Permanent Teeth and Sports: Keep Your Child’s Smile Safe This Season
When you think of tooth loss or damage, you probably don’t think your child might be at more risk of losing a tooth than you are. However, if your son or daughter participates in childhood sports including basketball, soccer, rugby, hockey, football and baseball, the risk for tooth loss is quite high.
In children and teens, trauma from sports is the main cause of tooth loss, necessitating restorative procedures, partial dentures, implants or other reconstructive dental procedures. Here’s what every parent needs to know about encouraging and providing the needed protection for permanent teeth.
Use Mouth Guards and Face Protection
The most essential protection for a child who is playing sports is a mouth guard. It’s estimated that without a mouth guard, a person is 60 times more likely to crack or lose a tooth when playing sports.
Mouth guards are mandatory in some sports, like football, but other sports do not require them. However, concerned parents should encourage their use anyway, especially in sports that have a high risk.
For example, softball and baseball have little face protection, but getting a ball or bat to the teeth could be catastrophic for your child’s permanent teeth. However, don’t think that mouth guards are only for team sports. Even sports like gymnastics and ice skating can be hazardous for teeth.
Custom mouth guards are the best for very active children who are involved in sports. They fit better and are less cumbersome than generic mouth guards from a sports store. Speak with your dentist about getting fitted for a mouth guard, and encourage your child to wear it during practice as well as during competitions or games.
If you can’t get a custom guard, a bite guard from a sports store is still preferable to having no protection. These guards come in different sizes, so you can choose the one that fits your child’s mouth the best.
When your child plays a sport that does not allow a mouth guard, look into other forms of protection. Some sports may allow helmets with a grill on the lower portion. If your child is a beginner in a high-speed sport such as speed skating, cycling or rollerblading, these helmets can help to reduce the incidence of dental injuries during slips and falls.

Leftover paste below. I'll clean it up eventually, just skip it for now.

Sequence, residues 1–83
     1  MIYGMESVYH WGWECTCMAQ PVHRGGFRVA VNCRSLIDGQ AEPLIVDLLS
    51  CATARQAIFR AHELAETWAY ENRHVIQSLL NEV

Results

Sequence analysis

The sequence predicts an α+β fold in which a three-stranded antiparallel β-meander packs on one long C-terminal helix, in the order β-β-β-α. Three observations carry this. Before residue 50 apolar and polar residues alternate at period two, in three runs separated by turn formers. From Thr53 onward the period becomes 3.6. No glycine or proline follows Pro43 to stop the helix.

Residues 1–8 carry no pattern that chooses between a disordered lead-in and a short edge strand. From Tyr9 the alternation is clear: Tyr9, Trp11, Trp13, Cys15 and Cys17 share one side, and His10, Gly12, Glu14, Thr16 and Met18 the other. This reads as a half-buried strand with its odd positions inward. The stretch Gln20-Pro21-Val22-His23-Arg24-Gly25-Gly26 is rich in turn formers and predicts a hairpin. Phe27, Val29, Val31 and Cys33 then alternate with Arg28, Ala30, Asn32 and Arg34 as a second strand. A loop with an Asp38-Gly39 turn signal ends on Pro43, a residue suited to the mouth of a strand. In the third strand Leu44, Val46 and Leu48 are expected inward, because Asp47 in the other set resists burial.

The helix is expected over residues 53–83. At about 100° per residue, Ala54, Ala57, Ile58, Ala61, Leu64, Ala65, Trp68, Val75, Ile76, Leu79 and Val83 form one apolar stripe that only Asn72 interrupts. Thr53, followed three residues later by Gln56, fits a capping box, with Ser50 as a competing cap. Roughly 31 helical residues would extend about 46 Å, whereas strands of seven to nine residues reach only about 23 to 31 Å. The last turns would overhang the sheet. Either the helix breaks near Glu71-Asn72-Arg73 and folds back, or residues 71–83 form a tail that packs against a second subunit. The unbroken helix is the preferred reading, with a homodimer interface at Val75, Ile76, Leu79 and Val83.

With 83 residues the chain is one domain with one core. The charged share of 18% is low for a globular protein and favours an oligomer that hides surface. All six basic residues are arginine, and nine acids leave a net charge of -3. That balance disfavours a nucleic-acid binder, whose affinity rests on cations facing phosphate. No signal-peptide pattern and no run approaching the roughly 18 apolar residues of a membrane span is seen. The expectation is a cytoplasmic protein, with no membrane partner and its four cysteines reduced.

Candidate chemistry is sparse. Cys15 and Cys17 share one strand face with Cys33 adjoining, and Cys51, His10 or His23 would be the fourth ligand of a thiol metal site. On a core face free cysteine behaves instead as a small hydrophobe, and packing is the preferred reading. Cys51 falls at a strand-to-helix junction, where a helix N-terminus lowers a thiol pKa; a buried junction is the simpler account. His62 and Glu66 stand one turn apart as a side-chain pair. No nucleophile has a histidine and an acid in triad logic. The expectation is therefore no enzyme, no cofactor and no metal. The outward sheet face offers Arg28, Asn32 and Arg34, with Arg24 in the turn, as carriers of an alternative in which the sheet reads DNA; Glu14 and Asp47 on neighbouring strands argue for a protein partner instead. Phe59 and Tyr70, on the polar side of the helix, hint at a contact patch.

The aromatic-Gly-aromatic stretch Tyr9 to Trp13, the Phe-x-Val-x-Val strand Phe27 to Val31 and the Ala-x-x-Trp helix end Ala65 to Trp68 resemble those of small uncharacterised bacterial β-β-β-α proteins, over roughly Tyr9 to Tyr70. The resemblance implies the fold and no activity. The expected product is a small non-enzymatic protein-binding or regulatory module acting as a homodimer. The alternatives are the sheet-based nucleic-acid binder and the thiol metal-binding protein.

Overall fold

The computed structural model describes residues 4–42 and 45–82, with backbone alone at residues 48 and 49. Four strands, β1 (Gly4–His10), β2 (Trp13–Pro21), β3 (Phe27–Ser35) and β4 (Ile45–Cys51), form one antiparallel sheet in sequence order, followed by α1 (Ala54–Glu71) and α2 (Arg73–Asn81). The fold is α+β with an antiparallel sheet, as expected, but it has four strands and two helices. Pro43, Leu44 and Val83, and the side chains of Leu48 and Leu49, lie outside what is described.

Avoid Injuries From Decay
Staying active in sports is one of the best ways to keep your child’s body fit and healthy. However, without the right precautions, playing sports can harm overall dental health. Be sure that:
- Your child rinses out his or her mouth after drinking sports drinks. The sugar and acidity of these drinks can accelerate tooth decay.
- Your child has enough water. Dehydration dries out the mouth. Without saliva to prevent bacteria from settling on the teeth, the bacteria can break down protective enamel more quickly.
- You encourage healthy snacks such as fruits, vegetables and cheeses instead of crackers, sweet granola bars and candy. Active kids have quick metabolisms, so snacking is often hard to prevent. But healthy snacks that have a low sugar content will help reduce the risk of cavities.
As a bonus, strong, healthy teeth are less likely to become injured.
Know How to Save Teeth
Even with the best caution, accidents still happen; your child might still experience a tooth injury. Here’s what you need to know about saving teeth.
Use First Aid
If a tooth is knocked out, the best thing to do is:
- Clean the tooth if it is dirty. Simple tap water will do.
- Avoid touching the tooth by the root. Only hold the crown (the part that you can normally see when a person smiles).
- Put the tooth back into the socket as quickly as possible. If that is not possible, store the tooth in a cup of saliva or milk. Do not use water.
Losing a permanent tooth is a dental emergency, and you should take your child to a restoration dentist right away. If the tooth can be repaired and placed back in the mouth expeditiously, the tooth might not die.
If a tooth is chipped, cracked or loose in the socket, your child will still need dental care. If the interior of the tooth is exposed, cover the tooth with a clean cloth and try to keep the area around the tooth clean. Usually, teeth with fractures that extend to the roots will need root canals and crowns.
Rely on Your Dentist
Finally, it’s important to realize that not all tooth injuries are immediately noticeable. However, even small cracks or chips from sports trauma should be seen by a dentist. Some cracks go deep, but they are not visible to the naked eye.
Make it a habit to get a quick check-up with the dentist after your child has a mouth injury, just to make sure everything is okay. When deep cracks or chips are not treated, the tooth can become infected and abscess.
For more information on keeping your child’s teeth safe this season, contact Northwest Dental Services and Implant Center.